I first got into bagels and whitefish in Boston.

March 13, 2009  
Blogger Peter Rozovsky said...

Seana if this is an accurate quotation -- "Goddamn the whole friggin' world but you, Carlotta!" -- it's a classic. It lends itself so well to surreal irrelevance that I'm surprised I had not heard it before.

I visited Zabar's at least once, when I got hoodwinked into shopping for supplies for my own surprise birthday party.

March 13, 2009  
Blogger adrian mckinty said...

Seana

Yes, a bit like Countess Marie d'Agoult I do love a list.

Peter

H&H aint bad with lox and cream cheese. You know what though, this could be my imagination (and this is highly counter intuitive) I think they're better on the Upper East Side.

March 13, 2009  
Blogger adrian mckinty said...

Peter, Seana

Way out of context and with almost no hope of being understood my wife still uses the expression "She/he looked like a lox in Zabars" but which I believe she means stupefied or dazed.

March 13, 2009  
Blogger Peter Rozovsky said...

"H&H aint bad with lox and cream cheese."

Montreal bagels are delicious with either, both or butter. But they're so good that no additions are necessary.

Montreal bagels: You can eat them naked.

"Yes, a bit like Countess Marie d'Agoult I do love a list."

Wouldn't be surprised to see that one turn up as a post heading on Declan's blog one day.

March 13, 2009  
Blogger Peter Rozovsky said...

"Way out of context and with almost no hope of being understood my wife still uses the expression "She/he looked like a lox in Zabars" but which I believe she means stupefied or dazed."

I was going to ask where your wife was from, but I guess it doesn't matter. She certainly would have spenf enough time on the Upper West Side to be familiar with Zabar's. In any case, that's a gorgeous expression. I'll try to remember to use it some time.

March 13, 2009  
Blogger seanag said...

Well, being understood is overrated. I say things for my own amusement all the time. And from evidence in this blog alone, I think both of you, Peter and Adrian, are guilty of the same crime.

But maybe your wife just means that someone looked good enough to eat. If she ever said it about Brad Pitt, I think you have the answer.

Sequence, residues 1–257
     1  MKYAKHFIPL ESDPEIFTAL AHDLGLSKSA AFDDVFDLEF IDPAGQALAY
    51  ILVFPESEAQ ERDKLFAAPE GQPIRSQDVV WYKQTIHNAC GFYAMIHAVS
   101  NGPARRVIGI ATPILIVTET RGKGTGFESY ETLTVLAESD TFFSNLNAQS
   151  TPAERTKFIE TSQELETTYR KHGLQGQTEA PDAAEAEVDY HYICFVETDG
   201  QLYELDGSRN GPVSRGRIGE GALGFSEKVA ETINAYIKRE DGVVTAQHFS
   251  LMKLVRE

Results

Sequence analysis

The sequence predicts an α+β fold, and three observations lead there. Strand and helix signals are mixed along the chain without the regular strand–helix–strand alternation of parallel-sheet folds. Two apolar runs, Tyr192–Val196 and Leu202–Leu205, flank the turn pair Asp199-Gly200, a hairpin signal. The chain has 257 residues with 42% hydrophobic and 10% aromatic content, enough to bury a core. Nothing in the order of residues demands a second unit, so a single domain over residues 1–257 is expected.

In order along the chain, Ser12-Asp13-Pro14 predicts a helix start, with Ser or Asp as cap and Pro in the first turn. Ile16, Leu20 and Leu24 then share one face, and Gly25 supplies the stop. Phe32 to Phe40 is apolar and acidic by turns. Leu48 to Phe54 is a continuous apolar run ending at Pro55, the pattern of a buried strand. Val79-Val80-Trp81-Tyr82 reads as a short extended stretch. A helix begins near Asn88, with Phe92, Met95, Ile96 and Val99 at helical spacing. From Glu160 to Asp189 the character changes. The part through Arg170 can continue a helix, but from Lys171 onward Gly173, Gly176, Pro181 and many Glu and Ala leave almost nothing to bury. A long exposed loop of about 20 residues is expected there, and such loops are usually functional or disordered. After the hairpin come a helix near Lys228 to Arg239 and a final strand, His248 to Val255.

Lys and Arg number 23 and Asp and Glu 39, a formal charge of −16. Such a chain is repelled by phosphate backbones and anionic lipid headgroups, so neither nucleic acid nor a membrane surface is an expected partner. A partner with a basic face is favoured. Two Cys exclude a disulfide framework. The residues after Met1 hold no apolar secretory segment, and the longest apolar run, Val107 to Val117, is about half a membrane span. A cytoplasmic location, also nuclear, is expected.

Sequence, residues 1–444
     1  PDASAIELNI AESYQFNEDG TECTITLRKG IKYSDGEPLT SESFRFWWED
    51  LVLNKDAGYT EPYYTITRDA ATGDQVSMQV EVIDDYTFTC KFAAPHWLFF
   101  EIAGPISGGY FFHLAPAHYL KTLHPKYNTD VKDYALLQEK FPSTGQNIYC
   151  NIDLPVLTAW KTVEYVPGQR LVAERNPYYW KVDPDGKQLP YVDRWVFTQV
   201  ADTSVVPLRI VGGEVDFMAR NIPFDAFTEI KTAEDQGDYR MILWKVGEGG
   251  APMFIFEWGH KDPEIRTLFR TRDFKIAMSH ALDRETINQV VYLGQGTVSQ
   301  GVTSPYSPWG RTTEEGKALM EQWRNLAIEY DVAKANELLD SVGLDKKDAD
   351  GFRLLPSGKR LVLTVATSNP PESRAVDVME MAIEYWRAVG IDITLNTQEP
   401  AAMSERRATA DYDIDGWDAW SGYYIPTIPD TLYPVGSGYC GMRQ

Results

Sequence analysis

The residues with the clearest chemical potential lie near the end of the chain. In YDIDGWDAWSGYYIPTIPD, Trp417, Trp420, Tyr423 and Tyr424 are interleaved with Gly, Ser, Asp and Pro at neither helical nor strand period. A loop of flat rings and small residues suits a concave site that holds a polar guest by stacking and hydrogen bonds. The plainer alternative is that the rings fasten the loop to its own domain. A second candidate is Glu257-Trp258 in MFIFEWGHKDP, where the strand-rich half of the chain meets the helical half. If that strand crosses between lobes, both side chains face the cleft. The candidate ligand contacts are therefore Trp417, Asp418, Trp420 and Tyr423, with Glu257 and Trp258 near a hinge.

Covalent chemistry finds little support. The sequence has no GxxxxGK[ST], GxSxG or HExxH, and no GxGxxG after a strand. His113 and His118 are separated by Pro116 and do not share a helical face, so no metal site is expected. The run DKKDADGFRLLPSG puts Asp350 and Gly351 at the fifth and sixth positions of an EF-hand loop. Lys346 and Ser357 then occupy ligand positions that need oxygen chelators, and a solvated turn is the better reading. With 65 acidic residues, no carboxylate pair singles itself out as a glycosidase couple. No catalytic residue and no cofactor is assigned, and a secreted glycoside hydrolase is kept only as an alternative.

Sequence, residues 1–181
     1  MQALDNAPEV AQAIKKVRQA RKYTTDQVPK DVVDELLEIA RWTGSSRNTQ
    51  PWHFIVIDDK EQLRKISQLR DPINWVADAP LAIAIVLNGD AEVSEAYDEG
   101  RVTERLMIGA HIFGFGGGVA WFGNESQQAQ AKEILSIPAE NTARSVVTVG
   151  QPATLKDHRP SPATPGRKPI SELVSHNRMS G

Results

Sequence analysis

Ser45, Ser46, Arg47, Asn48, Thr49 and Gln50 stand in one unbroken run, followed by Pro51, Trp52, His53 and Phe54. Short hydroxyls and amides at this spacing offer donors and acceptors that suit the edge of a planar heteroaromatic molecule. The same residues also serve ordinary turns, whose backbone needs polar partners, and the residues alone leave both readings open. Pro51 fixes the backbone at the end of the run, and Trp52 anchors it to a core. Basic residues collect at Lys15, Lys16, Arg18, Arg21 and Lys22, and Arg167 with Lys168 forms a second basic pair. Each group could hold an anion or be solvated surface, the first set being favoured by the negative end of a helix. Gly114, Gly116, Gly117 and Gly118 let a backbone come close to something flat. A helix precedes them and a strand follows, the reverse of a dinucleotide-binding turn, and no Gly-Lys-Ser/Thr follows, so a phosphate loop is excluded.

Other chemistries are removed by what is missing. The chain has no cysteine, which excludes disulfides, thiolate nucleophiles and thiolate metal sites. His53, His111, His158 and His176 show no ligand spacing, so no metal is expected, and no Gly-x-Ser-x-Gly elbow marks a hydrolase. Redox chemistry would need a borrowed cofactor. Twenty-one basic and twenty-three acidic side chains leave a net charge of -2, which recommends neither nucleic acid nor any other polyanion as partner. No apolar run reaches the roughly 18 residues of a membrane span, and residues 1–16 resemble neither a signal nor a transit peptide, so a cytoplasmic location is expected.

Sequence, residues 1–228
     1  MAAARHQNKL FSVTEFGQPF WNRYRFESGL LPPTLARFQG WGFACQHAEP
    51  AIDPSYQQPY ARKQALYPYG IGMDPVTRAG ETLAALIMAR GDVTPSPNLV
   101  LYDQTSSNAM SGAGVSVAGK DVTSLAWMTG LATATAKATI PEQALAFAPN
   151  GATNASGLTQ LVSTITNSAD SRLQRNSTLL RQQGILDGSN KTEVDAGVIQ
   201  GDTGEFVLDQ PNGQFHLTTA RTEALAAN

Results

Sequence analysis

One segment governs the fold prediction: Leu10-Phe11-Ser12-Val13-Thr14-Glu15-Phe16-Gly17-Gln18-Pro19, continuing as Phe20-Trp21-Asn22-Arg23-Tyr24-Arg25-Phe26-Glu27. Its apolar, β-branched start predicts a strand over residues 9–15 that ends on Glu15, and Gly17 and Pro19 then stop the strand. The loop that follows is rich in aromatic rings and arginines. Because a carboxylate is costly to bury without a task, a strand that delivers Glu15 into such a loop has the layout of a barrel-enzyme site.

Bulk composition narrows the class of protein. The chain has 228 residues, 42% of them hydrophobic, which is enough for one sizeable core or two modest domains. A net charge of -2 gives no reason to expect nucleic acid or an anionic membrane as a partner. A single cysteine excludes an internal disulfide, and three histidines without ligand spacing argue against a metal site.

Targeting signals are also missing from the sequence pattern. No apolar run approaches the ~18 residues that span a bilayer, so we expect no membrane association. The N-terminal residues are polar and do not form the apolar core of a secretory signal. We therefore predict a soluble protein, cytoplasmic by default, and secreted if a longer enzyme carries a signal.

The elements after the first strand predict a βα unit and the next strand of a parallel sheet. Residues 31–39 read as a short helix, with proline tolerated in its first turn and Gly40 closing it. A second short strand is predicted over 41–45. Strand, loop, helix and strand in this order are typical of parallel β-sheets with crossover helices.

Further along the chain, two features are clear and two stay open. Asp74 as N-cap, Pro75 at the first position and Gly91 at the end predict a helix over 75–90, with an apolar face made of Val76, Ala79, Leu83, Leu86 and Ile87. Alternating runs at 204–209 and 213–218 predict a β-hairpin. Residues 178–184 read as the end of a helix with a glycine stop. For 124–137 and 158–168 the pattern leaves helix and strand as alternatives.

I am going to try to work the Carlotta quote into the conversation around me sometime soon. I think it will be more effective if I do it right before I pass out in a bar or something. It would probably help if there were someone named Carlotta around. But not wholly necessary.

March 13, 2009  
Blogger seanag said...

Okay, I had to look up the good Comtesse, as I have never heard of her. Looking through the Wikipedia article just now, thinking "Where's the list? Where's the list?"

If I'd said it aloud, it would have come to me quicker.

I offer no aid to anyone reading through here. Retrace my steps.

"Goddamn the whole friggin' world but you, Carlotta!"

There. I feel better now. I'm going to bed.

v word=abliti, a dyslexic word for 'talent'.

March 13, 2009  
Blogger Peter Rozovsky said...

She and Franz had three children, I read. Perhaps her cries of joy after each inspired Gilbert and Sullivan to write "I've Got a Little Lizst."

March 13, 2009  
Blogger Peter Rozovsky said...

Actually, "abiliti" sounds like the trade name of an anti-depressant.

I think I like "Goddamn the whole friggin' world but you, Carlotta!" for some of the same reasons I like "And Bob's your uncle!"

March 13, 2009  
Blogger Peter Rozovsky said...

Adrian, was the future Cosima Wagner one of those three little Lizsts?

March 13, 2009  
Blogger marco said...

It is a terrible pun all right, but can't touch "We'll always have parricide".

March 13, 2009  
Blogger adrian mckinty said...

Marco

Well for a bad fictional movie title its ok but I nicked it from a book with the superior and wonderful title "We'll Always Have Parrots" - a punning classic that made my heart leap with joy.

BTW when vampires fall in love is it the beginning of a beautiful fiendship?

If Declan Burke wouldnt clean up every year there should be some sort of punning olympics like the Bulwer Lytton competition.

March 13, 2009  
Blogger Sean Chercover said...

Thanks for the congrats, Peter. I'm thrilled.

Yes, there is such a thing as a Toronto bagel. There are maybe a dozen (if that many) places in Toronto that sell Montreal bagels. Everywhere else, they sell some bread product that resembles a bloated bagel but tastes not at all like a bagel and lacks the bagely texture of the splendid creations from Montreal.

March 13, 2009  
Blogger Peter Rozovsky said...

Thumbs up to "parricide" and "parrots.' My heart, too, would leap up at the latter.

A Bulwer-Lytton entry in the mystery category one recent year was brilliantly funny. Let me go see if I can find it.

March 13, 2009  
Blogger Peter Rozovsky said...

Yep, Montreal bagels: The choice of discriminating crime writers everywhere.

And thanks for that lesson in bagel sociology and history.

March 13, 2009  
Blogger Peter Rozovsky said...

Adrian, here it is:

"I'd been tailing this guy for over an hour while he tried every trick in the book to lose me: going down side streets, doubling back, suddenly veering into shop doorways, jumping out again, crossing the street, looking for somewhere to make the drop, and I was going to be there when he did it because his disguise as a postman didn't have me fooled for a minute."

-- Bob Millar, Hässelby, Sweden

March 13, 2009  
Anonymous Private Investigators said...

Montreal bagels rules!!!

March 13, 2009